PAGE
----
For those of you that were hoping to get some cool aerial shots at the 2015 Boston Marathon, Boston Police has declared that it will be a no-drone zone, so you might as well unpack your gear and plan otherwise:
The entire route of the Boston Marathon will be a ‘No Drone Zone.’ The public is being advised NOT to operate any type of drone (unmanned aerial vehicle), including remotely controlled model aircraft, over or near the course, or anywhere within sight of runners or spectators.
Here are my predictions (and educated guesses) for the upcoming 3D Robotics announcement on April 13, 2015, and this is solely based on their teaser video above:
They are going to release a new, all black, plastic uni-body, quad, with a sexy name and tout it as being so easy to fly, that even a monkey can do it. 3DR replied to my comment thread on YouTube. More…
3D Robotics, the San Diego-based UAV company, who recently announced a $50 million round of venture funding, just released a teaser video featuring what seems to be a new quad, and from what I gather, it is so easy to fly, even a monkey can do it. Please, 3D Robotics, don’t make these things “idiot proof” or attempt to market them as such. Sure, you want to sell a ton of these and DJI seems to be eating everyone’s lunch, but, being the open-source pioneers that you are, also focus on educating those who want to fly. The last thing we want is more fly-aways because of bad GPS locks. Technology won’t solve the problem with newbs trying to fly multirotors out of their window and stright into the White House lawn. More…
In this episode of the podcast, I break down “drones over Paris” incidents with a timeline of the events. I explore the media frenzy over a letter that a UAV hobbyist received from the FAA where they equate his monetized YouTube videos as a commercial endeavor. I interview the aforementioned hobbyist Jayson Hanes to get a first-person account of what really happened.
The Verge is reporting that everyone’s favorite drone-maker (har har) is flush with money: DJI is about to become the first billion dollar consumer drone company. They are in the process of raising additional capital, Silicon Valley style:
And The Verge has learned that the company is currently in talks with Silicon Valley’s top venture capital firms to potentially raise a new round of funding. Sources familiar with the negotiations say DJI reported around $500 million in revenue for 2014, roughly four times what it did in 2013, and is on pace to do about $1 billion in sales this year. The potential valuation of the company would be a healthy multiple of that, several billion dollars, although no deal has yet been finalized.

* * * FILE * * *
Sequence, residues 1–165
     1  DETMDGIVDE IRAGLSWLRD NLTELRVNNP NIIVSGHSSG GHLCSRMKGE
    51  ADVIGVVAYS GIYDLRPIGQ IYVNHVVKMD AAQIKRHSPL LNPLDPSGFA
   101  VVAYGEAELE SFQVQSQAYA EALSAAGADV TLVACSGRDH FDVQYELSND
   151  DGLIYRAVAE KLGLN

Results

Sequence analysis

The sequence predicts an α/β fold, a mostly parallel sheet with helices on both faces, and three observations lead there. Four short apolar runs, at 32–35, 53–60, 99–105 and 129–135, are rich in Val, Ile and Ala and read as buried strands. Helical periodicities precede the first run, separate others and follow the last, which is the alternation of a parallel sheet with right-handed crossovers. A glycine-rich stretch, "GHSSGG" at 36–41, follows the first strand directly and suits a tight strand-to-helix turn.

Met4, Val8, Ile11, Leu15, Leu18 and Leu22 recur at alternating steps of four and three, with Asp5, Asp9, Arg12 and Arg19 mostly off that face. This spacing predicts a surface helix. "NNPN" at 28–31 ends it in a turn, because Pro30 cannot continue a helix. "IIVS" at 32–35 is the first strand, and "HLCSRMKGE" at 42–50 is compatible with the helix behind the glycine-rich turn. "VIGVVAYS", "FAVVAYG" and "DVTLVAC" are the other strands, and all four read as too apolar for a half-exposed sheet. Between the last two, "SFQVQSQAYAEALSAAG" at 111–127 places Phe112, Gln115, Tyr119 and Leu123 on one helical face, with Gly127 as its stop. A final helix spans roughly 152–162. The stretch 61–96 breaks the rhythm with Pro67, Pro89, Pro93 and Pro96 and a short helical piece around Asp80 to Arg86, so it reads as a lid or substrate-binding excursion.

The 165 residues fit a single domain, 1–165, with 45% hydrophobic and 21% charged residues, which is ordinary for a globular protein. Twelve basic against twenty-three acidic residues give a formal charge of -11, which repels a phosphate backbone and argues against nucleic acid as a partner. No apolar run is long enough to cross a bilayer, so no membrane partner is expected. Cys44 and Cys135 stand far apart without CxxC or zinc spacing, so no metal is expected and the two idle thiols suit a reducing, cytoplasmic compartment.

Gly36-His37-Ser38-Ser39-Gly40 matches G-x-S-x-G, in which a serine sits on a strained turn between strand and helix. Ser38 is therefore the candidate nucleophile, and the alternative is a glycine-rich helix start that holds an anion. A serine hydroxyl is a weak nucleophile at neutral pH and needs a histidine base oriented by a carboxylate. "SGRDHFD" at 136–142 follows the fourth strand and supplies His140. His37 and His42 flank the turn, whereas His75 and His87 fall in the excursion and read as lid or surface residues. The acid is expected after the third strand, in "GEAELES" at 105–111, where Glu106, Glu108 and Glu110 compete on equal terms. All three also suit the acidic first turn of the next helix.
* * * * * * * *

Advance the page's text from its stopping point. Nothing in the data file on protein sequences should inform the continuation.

Jayson Hanes, a UAV enthusiast, is in the middle of an FAA-induced controversy. He received a letter [pdf link] from the FAA telling him that they received a complaint about his commercial use of UAVs and it appers to be valid because he has monetization on his YouTube channel. He does’t do commercial aerial photography, in other words, he has never been hired nor is he for hire for your next wedding. He simply flies his DJI Phantom Vision around, records the sights and posts the video on YouTube. Ah, he is also enrolled in YouTube’s monetization program, so ads show up either before you watch his videos or a small banner is shown. More…
At UAV not Drone we like to feature organizations that are using unmanned aerial vehicles for the greater good and we have found a very interesting social network that is committed to serving humanitarian purposes, http://UAViators.org. They are self-described as “A global network of civilian/hobbyist UAV pilots who safely and responsibly fly UAVs to support peaceful, humanitarian efforts and their mission is as follows:
Our Mission is to bridge humanitarian and UAV communities internationally. We do this by supporting a global volunteer network of professional, civilian and responsible hobbyist UAV pilots who facilitate information sharing, coordination and operational safety in support of a broad range of humanitarian efforts.
After the leak of the document that would propose legislation for unmanned aerial vehicles on Saturday, February 14 2015, the FAA held a press conference the following day, on a Sunday, before a federal holiday, to unveil their 195 page proposal for regulating commercial UAVs (click here to view the full 195-page PDF document) or here to view a 2-page summary.